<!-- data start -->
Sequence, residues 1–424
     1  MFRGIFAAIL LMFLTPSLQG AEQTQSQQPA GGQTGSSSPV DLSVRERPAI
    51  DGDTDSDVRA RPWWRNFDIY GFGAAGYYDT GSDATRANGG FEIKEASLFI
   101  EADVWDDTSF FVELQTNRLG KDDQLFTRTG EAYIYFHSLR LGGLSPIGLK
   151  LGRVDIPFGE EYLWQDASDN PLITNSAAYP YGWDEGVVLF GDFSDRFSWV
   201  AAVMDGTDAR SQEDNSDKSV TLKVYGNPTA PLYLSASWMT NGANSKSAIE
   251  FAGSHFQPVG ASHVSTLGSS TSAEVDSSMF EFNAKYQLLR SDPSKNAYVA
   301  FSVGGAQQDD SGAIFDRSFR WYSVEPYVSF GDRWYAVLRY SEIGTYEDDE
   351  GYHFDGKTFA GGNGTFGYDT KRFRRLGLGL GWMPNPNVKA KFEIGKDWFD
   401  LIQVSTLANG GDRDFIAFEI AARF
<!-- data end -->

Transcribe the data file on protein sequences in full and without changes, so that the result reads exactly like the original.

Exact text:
Sequence, residues 1–424
     1  MFRGIFAAIL LMFLTPSLQG AEQTQSQQPA GGQTGSSSPV DLSVRERPAI
    51  DGDTDSDVRA RPWWRNFDIY GFGAAGYYDT GSDATRANGG FEIKEASLFI
   101  EADVWDDTSF FVELQTNRLG KDDQLFTRTG EAYIYFHSLR LGGLSPIGLK
   151  LGRVDIPFGE EYLWQDASDN PLITNSAAYP YGWDEGVVLF GDFSDRFSWV
   201  AAVMDGTDAR SQEDNSDKSV TLKVYGNPTA PLYLSASWMT NGANSKSAIE
   251  FAGSHFQPVG ASHVSTLGSS TSAEVDSSMF EFNAKYQLLR SDPSKNAYVA
   301  FSVGGAQQDD SGAIFDRSFR WYSVEPYVSF GDRWYAVLRY SEIGTYEDDE
   351  GYHFDGKTFA GGNGTFGYDT KRFRRLGLGL GWMPNPNVKA KFEIGKDWFD
   401  LIQVSTLANG GDRDFIAFEI AARF